Woman transfers history to computer
Although genealogical information that normally is housed at the Tonganoxie Public Library temporarily is checked out, library director Beckie Borella says any inconvenience is minimal.
And any fuss over the genealogical information is blown out of proportion, the director says.
Tonganoxie resident Connie Putthoff began work several weeks ago on transferring the information in the library births, deaths and weddings from about 25,000 index cards onto computer disk. At first, Putthoff was taking home a file at a time from the library. But then she realized that some cards were out of order. So she thought it would be more efficient to take the entire wooden cabinet that contains thousands of cards. As she goes, Putthoff is organizing the files.
"I don't have a problem with her taking the cabinet," said Borella. "What is the big fuss over this? She's working really hard on them, and it's coming along."
In last week's edition of The Mirror, Mary Frances and Harold Krull questioned the prudence of allowing Putthoff to take home the cards and cabinet.
Putthoff said she intends to return both, once she's completed the project. In addition, she'll give computer disks to the library that contain all of the information on the paper files.
At a meeting of the library board last week, the issue of the files and cabinet was discussed, Borella said.
"The board said, 'Beckie is the director, and she made a decision and we're backing her up,'" Borella said. ''They did suggest that next time to have the board decide so that it would be their fault, not mine. I had had no idea this would happen. I thought it was pretty simple and a good thing. But it's turned into a disaster."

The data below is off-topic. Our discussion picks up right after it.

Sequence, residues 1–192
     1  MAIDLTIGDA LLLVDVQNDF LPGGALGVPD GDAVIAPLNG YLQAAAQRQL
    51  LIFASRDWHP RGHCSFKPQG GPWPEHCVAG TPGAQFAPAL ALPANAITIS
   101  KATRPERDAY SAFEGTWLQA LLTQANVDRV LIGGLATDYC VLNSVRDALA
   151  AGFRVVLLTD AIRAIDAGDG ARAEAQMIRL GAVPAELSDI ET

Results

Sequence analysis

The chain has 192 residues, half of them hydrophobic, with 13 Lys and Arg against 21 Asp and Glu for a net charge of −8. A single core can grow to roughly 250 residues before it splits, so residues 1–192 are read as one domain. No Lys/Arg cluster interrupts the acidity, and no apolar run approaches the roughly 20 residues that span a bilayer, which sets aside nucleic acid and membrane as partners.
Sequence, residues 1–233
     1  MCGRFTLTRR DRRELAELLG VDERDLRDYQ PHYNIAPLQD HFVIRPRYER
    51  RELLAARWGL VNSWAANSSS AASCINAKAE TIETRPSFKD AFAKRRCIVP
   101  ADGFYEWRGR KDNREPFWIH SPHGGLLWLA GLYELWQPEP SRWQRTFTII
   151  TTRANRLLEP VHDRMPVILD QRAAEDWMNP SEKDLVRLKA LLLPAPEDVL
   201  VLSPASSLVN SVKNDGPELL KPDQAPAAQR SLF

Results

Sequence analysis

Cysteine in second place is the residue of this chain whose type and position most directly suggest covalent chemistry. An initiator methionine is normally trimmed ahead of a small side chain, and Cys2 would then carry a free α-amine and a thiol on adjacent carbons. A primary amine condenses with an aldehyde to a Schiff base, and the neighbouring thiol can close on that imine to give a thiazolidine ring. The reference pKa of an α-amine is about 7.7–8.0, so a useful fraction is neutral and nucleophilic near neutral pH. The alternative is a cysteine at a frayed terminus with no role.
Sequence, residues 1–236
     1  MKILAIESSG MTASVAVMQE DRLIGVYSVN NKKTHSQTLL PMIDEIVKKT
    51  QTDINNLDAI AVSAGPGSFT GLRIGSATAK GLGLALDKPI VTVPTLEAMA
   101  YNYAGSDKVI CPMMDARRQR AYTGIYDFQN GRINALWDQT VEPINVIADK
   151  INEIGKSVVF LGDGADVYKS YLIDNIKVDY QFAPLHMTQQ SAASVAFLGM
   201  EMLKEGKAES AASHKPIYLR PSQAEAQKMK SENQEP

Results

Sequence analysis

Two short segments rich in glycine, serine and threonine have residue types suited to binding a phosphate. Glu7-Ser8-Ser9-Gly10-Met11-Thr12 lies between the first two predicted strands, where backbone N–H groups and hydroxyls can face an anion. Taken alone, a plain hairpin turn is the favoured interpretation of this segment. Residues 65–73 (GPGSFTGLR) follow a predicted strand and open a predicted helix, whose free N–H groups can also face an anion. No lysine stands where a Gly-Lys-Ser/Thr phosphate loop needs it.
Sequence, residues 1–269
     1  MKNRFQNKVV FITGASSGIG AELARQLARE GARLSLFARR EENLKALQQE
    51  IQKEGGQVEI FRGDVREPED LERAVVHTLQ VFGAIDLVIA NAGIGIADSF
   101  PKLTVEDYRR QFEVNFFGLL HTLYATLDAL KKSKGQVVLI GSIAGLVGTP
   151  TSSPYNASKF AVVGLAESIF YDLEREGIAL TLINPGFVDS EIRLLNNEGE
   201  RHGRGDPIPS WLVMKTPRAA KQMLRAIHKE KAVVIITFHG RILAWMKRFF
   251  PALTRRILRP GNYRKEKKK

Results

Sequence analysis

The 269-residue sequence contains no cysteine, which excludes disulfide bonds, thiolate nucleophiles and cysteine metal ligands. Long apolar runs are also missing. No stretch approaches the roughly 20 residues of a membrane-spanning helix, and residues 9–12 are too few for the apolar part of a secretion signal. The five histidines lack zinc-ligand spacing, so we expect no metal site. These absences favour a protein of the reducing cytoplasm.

In a letter submitted to The Mirror, Jean Lenahan, who is Borella's mother, alleged that the library board violated the Kansas Open Meetings Act by moving up the time of the 7 p.m. meeting on Wednesday by an hour. The change was made, Borella said, because Mayor John Franiuk wanted to attend a 7 p.m. planning commission meeting.
Putthoff's project is causing some inconvenience, Borella said, but it's worth it. In addition, she said, Putthoff's work would tie up a computer at the library if she weren't working at home.
"When people come in here and they want to know about so and so, they freak out a little bit," she said. "And I tell them that all you have to do is call Connie Putthoff and here's her number. Or I'll call and she looks it up and it's no big deal."
Putthoff said she's completed the births, and the library now has a disk containing those. In addition, she's made it through the letters A and B in the death files. She said she'll likely hang onto all of the death files until she's completed the alphabet.
Tonganoxie resident Janice Seymour has offered to handle the marriage cards.
"I'm really glad because it takes awhile to do it," Putthoff said. "However, I'm willing, and it's fun and it's bringing back history."
Putthoff said she and Nora Skaggs originally compiled the cards, based on information gleaned from The Tonganoxie Mirror.
Ultimately, Putthoff said, she'd like the information to be available to a wider audience to people who visit the library's website.
"Of course, if there's any money to be made off of this, I would like this to go to the Friends of the Library or to the library itself," she said.
For now, she's working on the cards in her spare time.
She guessed that the entire project could take her 120 hours. She said she hopes to be done in several months.
"I'm not keeping track of hours," she said. "Don't hold me to that give or take 10 or 20 hours."
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